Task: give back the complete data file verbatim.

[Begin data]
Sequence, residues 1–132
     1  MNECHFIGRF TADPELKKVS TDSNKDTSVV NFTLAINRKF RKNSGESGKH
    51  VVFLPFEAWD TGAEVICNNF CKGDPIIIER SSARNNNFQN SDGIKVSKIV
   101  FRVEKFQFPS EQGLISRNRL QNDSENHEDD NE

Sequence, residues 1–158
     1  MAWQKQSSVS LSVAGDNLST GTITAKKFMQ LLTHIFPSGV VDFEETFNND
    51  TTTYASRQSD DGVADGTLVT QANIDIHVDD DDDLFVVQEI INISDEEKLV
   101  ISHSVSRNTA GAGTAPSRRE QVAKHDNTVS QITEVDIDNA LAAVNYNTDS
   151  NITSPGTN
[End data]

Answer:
Sequence, residues 1–132
     1  MNECHFIGRF TADPELKKVS TDSNKDTSVV NFTLAINRKF RKNSGESGKH
    51  VVFLPFEAWD TGAEVICNNF CKGDPIIIER SSARNNNFQN SDGIKVSKIV
   101  FRVEKFQFPS EQGLISRNRL QNDSENHEDD NE

Sequence, residues 1–158
     1  MAWQKQSSVS LSVAGDNLST GTITAKKFMQ LLTHIFPSGV VDFEETFNND
    51  TTTYASRQSD DGVADGTLVT QANIDIHVDD DDDLFVVQEI INISDEEKLV
   101  ISHSVSRNTA GAGTAPSRRE QVAKHDNTVS QITEVDIDNA LAAVNYNTDS
   151  NITSPGTN